The landscape of the city changed in a matter of hours.
A fire destroyed as many as 100 houses in a flooded beachfront neighborhood in Queens. Firefighters said the water was chest-high on the street and they had to use a boat to make rescues.
In Brooklyn, Faye Schwartz surveyed the damage in her Brooklyn neighborhood, where cars were strewn like leaves, planters were deposited in intersections and green Dumpsters were tossed on their sides.
"Oh, Jesus. Oh, no," she said.
The chief line of demarcation Tuesday ran through Manhattan's Chelsea section. Above 25th Street, delis did business and traffic lights worked. Below 25th Street, nothing.
For some New Yorkers, the aftermath of the storm stirred memories of the blackout of August 2003, when a cascading power failure in the Northeast left the city without power for parts of two days. This time, as then, there was no sign of looting or widespread crime. Nine people in all were arrested on charges they stole from a gas station, an electronics store and a clothing store in Queens.
But the 2003 blackout was a communal experience, with strangers lounging on stoops and bars blaring music into darkened neighborhoods. This time, people had to stay indoors and wait.
At a darkened luxury high-rise building in lower Manhattan, resident manager John Sarich was sending porters with flashlights up and down 47 flights of stairs to check on people who live there.
He said most people stayed put despite calls to evacuate. One pregnant woman started having contractions, and Sarich said that before the power went out, he nervously researched online how to deliver a baby.
"I said, 'Oh boy, I'm in trouble,'" Sarich said. The woman managed to find a cab to take her to a hospital.
Bloomberg told reporters that the storm deaths were tragic but said the city pulled through better than some people expected, considering the magnitude of the storm.
The mayor said: "We will get through the days ahead by doing what we always do in tough times — by standing together, shoulder to shoulder, ready to help a neighbor, comfort a stranger and get the city we love back on its feet."
New York's mayor calls it a "devastating storm" -- possibly the worst the city has ever experienced.
The superstorm that was born when Hurricane Sandy came ashore killed at least 10 people in New York City -- among more than 30 who were killed across the Northeast. A wall of seawater and high winds slammed the city, destroying buildings and flooding tunnels.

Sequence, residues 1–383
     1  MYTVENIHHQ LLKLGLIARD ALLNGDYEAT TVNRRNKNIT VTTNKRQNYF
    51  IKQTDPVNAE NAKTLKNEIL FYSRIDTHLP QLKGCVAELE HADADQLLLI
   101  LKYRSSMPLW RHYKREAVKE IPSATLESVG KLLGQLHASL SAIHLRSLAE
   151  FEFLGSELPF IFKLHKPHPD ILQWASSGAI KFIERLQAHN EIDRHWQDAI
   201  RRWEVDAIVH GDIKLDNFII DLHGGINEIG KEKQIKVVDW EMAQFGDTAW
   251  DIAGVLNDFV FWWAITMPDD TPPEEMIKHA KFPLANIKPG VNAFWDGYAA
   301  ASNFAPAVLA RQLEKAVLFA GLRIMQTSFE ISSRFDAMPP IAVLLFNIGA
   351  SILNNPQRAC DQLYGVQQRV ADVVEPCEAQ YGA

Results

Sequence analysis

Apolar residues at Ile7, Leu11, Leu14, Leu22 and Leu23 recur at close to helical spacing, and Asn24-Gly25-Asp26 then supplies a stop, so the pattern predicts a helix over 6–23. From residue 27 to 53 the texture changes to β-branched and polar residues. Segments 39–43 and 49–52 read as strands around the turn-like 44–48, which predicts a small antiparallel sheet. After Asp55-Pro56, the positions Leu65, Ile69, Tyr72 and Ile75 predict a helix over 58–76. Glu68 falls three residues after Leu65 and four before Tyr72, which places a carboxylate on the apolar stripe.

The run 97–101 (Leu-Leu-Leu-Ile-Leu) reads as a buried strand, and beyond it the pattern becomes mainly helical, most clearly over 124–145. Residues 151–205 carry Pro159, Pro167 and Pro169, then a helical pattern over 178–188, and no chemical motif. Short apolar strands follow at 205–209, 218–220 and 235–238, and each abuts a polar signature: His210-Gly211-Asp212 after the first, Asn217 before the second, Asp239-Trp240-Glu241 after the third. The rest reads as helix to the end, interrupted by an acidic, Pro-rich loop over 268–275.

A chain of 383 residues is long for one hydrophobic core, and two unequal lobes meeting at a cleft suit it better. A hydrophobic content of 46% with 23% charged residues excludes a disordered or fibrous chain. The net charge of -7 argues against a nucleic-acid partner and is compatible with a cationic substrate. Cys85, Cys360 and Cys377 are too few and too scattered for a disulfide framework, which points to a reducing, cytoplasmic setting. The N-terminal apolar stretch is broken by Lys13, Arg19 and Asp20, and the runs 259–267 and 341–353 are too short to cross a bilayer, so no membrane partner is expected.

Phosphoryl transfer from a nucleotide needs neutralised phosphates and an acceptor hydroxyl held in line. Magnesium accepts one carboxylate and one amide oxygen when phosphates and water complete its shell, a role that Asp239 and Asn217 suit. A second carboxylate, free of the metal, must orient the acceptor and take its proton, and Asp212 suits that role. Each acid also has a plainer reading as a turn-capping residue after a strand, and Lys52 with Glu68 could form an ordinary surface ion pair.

The city was left with no running trains, a darkened business district and neighborhoods under water. Mayor Michael Bloomberg is giving no firm timeline on when basic services will be fully restored. The city had been left nearly isolated -- its bridges and tunnels closed, its subways and airports shut down. But Gov. Andrew Cuomo says most of the bridges are reopening this afternoon.
All of the subway tunnels between Manhattan and Brooklyn were flooded, as were two major commuter tunnels -- the Brooklyn Battery and the Queens Midtown. The head of the city's transit agency says the subway system has never faced a disaster like this one.
At least 1 million customers lost power in New York City, its northern suburbs and coastal Long Island. Officials say it could be several days to a week before all city residents who lost power get it back.
Tomorrow, the city's financial markets will open after being shut for two days by the storm.
(Copyright 2012 by The Associated Press. All Rights Reserved.)
Hurricane Sandy made landfall near Atlantic City, New Jersey at around 8pm Monday evening with winds of 90 mph.
The now powerful "superstorm" will be impacting real estate stretching from North Carolina northward all the way to Maine and westward to the Ohio River Valley. Impacts will range from widespread flooding and damaging winds to crippling snows of 1 to 3 feet along portions of the Appalachians.
For eastern Carolina the rain will be ending on Tuesday, but the wind will still gust over 30 mph at times through the day before the winds relax and the sunshine finally returns on Wednesday.
Hurricane Sandy has caused some flooding in Eastern Carolina, with at least one road closed and power outages caused by fallen trees.